Each Province, Territory, and the Federal Government have their own sets of rules governing what the employer can and cannot do when paying employees.
Companies that are Federally incorporated, as well as those involved in communications, banking and transportation are covered under Federal employment standards. Other employers must adhere to the employment standards where they operate and where their employees are paid.
Employment standards cover such areas as minimum wages, minimum age for employment, maximum hours of work, overtime pay rates, entitlement to annual paid vacation, statutory holidays and related requirements for pay calculations when work is performed on a statutory holiday, leaves of absence, requirements upon terminations, payment of wages, employee records maintenance and what needs to be shown on a pay stub. This is only a partial list.
Some jurisdictions provide very broad guidelines, and others remain silent on some items. For example, one Province may specify whether or not you can issue electronic pay advices and another Province does not address the issue.
The standards are a minimum, and none of the legislation prevents the employer from granting greater benefits.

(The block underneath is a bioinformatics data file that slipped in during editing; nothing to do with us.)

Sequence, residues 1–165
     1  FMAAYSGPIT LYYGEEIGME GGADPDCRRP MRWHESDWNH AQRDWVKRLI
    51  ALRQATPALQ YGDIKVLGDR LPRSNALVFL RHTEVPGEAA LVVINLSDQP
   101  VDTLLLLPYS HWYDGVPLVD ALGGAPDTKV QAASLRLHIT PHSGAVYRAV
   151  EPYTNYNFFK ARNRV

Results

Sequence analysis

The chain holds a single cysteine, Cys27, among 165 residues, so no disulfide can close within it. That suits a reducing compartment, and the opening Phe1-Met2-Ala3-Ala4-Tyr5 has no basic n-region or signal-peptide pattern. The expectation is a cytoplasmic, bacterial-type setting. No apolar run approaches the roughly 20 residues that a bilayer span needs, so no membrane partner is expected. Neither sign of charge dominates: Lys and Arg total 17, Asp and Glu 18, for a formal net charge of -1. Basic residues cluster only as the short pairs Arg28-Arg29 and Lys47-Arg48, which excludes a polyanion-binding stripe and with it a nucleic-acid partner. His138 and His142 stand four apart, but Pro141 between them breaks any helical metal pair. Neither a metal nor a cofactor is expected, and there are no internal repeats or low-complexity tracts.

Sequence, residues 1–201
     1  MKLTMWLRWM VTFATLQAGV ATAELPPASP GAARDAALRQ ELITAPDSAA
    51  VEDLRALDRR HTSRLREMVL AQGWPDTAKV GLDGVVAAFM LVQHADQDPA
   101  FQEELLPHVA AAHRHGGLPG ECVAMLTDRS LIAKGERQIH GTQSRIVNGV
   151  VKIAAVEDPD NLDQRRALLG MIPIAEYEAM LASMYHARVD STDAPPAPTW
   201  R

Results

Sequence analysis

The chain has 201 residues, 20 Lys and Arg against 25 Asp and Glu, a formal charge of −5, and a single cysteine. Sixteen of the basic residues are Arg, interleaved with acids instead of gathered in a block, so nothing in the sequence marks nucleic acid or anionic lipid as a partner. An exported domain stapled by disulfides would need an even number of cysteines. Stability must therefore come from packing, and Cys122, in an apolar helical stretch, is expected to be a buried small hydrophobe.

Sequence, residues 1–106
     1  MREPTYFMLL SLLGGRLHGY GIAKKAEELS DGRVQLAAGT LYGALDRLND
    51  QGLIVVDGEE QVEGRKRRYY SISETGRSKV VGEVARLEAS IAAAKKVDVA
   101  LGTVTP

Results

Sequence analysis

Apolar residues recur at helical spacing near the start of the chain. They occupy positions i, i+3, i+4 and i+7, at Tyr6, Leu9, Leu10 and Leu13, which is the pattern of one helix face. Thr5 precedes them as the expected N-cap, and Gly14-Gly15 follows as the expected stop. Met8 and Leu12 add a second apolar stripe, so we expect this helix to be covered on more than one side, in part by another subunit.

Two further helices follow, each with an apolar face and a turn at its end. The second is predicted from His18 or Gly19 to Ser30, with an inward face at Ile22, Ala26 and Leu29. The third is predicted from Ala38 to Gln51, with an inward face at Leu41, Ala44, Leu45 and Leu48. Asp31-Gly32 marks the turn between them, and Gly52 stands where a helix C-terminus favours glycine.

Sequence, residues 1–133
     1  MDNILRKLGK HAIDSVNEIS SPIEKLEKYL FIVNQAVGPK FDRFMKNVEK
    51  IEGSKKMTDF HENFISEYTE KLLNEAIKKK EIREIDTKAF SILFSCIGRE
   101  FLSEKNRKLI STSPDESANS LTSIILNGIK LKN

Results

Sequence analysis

When an employer establishes themselves in one jurisdiction, it is a good idea to try and plan ahead, and determine whether or not they will likely expand into another jurisdiction, so that uniform minimum standards can be applied to all employees across the country. For example, you may decide to employ a sales representative in the Province of Ontario, where you are allowed to pay that employee once a month. Then you hire an additional sales representative in British Columbia, where you are required to pay at least semi-monthly. More than likely the Ontario employee would want to be paid more frequently as well.
Labour standards are designed to accomplish two things. They provide protection to the individual employee, and they create a certainty in the labour market by requiring basic employment practices.
Failure of an employer to comply can be very costly, both through financial penalties, and employee morale.
It pays to use the services of a professional organization when paying in Canada.
- Bill Smyth CPA, FCGA, FCPA
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